Every day over the past parliamentary fortnight, Labor asked the new PM Scott Morrison to explain why Malcolm Turnbull is no longer prime minister. The Opposition knows full well this is a question Mr Morrison cannot truthfully answer.
Imagine the political fallout if the PM did tell the truth, explaining, “Mr Turnbull’s prime ministership was brought down by Tony Abbott’s supporters, who exploited Peter Dutton’s vanity as well as the anxiety of Queensland Liberals spooked by the rout in the Longman by-election.” Such a revelation would certainly make for an interesting meeting next time the Liberal party room was convened.
However Scott Morrison is indirectly answering a related question – why he is the new PM and not Peter Dutton – by demonstrating he’s an upgrade on Malcolm Turnbull. Mr Morrison’s behaviour, language and policy decisions are all essentially a reflection on what Mr Turnbull was not able to become, explain or deliver.
Mr Harbourside Mansion is gone, replaced with ScoMo the Sharks fan and defender of strawberries. The new PM’s style is more relaxed than his predecessor’s (although still too shouty during Question Time), and he’s adopted more everyday language, although dumbing down dispatchable electricity to ‘fair dinkum electricity’ is taking a step too far.
Yet these are all essentially cosmetic changes. The most significant way that PM Morrison differs from (and has ‘improved on’) his predecessor is in the policy decisions he’s made over the past four weeks.
Not only did Mr Morrison reaffirm the death of the National Energy Guarantee, he also disavowed its whole reason for being (that is, the integration of energy and climate action policies) by dividing the energy and environment portfolio into two separate ministries. This is apparently to ensure that energy policy never again has to be concerned with inconvenient emissions reduction goals.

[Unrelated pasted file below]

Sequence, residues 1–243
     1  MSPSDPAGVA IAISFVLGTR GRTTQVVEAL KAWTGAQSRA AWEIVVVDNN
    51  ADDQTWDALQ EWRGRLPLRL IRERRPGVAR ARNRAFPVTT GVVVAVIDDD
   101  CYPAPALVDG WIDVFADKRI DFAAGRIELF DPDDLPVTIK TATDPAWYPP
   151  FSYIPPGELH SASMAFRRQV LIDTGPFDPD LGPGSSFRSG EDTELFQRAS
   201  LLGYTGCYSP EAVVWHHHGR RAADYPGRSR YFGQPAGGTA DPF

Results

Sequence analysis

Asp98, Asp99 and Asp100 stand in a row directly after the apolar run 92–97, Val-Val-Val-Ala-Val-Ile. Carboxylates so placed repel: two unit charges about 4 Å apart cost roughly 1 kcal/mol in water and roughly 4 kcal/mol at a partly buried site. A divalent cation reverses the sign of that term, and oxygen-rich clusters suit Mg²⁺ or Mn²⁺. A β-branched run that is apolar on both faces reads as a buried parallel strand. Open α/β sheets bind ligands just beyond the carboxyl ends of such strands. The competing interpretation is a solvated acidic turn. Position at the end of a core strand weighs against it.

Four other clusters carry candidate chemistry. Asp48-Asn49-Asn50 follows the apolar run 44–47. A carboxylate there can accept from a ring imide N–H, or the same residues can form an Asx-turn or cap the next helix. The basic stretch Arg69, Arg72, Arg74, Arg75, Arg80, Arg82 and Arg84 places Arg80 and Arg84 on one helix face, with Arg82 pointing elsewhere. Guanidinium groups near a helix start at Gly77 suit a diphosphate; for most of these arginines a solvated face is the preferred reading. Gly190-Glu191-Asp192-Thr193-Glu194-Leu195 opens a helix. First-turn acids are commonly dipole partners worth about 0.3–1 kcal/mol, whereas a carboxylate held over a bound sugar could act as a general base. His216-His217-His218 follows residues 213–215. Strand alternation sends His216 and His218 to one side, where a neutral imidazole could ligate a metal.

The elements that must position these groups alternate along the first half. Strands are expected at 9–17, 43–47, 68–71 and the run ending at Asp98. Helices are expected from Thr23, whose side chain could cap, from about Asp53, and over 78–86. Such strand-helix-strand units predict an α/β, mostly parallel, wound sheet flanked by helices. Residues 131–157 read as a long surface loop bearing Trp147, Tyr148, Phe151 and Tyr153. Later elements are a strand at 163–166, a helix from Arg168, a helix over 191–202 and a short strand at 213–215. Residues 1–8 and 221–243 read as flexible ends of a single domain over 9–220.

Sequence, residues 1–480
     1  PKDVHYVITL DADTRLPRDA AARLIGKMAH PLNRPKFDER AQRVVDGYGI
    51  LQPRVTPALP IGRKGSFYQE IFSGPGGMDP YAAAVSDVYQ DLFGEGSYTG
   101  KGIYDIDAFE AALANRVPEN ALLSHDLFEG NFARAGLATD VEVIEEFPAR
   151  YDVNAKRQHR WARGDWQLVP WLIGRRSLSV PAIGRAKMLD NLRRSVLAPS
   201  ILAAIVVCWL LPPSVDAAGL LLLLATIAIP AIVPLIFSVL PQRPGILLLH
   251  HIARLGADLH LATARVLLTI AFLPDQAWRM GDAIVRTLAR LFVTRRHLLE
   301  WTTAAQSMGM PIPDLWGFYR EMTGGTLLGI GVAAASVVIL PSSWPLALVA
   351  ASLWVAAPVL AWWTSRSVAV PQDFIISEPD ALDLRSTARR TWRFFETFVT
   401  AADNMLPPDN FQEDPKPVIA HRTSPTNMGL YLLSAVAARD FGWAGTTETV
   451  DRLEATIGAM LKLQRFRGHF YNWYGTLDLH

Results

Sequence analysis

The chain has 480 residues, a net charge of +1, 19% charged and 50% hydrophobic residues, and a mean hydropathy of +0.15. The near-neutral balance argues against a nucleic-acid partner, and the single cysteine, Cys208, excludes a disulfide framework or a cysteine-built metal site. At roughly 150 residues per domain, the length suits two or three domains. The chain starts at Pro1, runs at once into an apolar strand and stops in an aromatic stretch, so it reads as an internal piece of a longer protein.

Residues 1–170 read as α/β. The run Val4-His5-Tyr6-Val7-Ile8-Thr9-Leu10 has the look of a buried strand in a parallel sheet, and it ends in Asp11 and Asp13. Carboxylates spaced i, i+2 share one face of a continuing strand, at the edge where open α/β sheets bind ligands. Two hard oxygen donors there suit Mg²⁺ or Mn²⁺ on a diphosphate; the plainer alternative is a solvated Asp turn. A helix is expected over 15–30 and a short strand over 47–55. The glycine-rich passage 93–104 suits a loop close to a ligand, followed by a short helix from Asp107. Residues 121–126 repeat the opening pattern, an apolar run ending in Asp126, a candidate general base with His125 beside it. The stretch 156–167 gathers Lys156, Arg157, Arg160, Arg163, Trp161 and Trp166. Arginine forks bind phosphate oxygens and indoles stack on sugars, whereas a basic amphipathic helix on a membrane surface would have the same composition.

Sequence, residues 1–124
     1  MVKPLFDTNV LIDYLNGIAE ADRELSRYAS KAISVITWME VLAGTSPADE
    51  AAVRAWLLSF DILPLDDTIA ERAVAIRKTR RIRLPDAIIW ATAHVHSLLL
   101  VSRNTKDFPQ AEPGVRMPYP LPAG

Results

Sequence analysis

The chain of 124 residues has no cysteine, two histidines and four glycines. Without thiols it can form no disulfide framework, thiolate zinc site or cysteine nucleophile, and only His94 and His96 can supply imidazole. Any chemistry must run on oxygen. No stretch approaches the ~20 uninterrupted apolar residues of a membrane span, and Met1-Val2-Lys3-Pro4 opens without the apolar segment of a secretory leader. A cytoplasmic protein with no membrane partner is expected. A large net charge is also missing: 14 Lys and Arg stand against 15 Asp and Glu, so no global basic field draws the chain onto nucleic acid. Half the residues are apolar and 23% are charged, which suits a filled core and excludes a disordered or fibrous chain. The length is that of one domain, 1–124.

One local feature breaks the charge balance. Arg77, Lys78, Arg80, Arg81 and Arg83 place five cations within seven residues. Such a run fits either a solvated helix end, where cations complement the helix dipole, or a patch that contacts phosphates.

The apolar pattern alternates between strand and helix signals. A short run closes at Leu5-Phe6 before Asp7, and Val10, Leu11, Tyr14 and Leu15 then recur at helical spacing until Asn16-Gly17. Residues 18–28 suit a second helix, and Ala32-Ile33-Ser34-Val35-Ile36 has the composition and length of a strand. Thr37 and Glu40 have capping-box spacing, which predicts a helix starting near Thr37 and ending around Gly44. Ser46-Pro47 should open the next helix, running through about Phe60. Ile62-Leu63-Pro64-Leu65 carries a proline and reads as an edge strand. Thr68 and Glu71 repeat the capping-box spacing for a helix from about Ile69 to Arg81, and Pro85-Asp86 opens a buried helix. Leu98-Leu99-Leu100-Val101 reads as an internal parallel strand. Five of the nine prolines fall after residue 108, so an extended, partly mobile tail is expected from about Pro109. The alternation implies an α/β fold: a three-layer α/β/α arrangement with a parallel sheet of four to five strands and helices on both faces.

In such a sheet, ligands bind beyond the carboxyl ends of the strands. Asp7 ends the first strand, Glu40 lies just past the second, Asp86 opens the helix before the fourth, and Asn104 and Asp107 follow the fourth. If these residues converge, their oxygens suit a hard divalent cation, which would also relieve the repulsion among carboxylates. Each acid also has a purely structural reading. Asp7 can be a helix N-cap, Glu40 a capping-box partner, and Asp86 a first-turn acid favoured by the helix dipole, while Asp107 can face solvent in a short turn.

The PM wasted no time genuflecting to the dwindling and ageing demographic that is the Liberal Party ‘base’, scrapping plans to raise the retirement age to 70 and announcing a royal commission into the aged care sector. He also kowtowed to another potentially troublesome cohort of Liberal voters, throwing billions of dollars in hush money to the Catholic and independent school sectors.
There’s also been more money for drought-stricken farmers to appease supporters of the Coalition’s junior partner, the Nationals, and the announcement of a Canberra gabfest to coordinate a solution for the crisis that has been building in some parts of the nation for up to seven years. (In case you were wondering, no, that solution will not include emissions reductions).
The PM also found time to throw red meat to the conservative Australians concerned about ‘gender whisperers’ in our schools and the pervasive influence of gay marriage on our ‘rights’. ScoMo referred several times during this first month as PM to his commitment to ‘legislate religious freedom’, whatever that means, in response to the recommendations of the Ruddock review.
However the PM is less motivated to let voters see those recommendations, at least until the draft legislation is available. This is expected to conveniently be after the Wentworth by-election. We can only assume this is because Liberal election strategists are concerned that progressive Liberal voters (apparently they still exist) might be unhappy with the proposed legislation and lodge a protest vote with a non-Liberal candidate instead.
Based on these decisions, the clear message being sent by Scott Morrison is that he is the prime minister because he’s a more approachable, more understandable, more conservative version of Malcolm Turnbull. Looking at it another way, the new PM is also the more approachable, more understandable, less reactionary version of Peter Dutton.
It’s another matter altogether whether the voters who’ve deserted the Government for other parties and independents will agree and accept this explanation. If they do, they might just be prepared to return to the fold at the next federal election.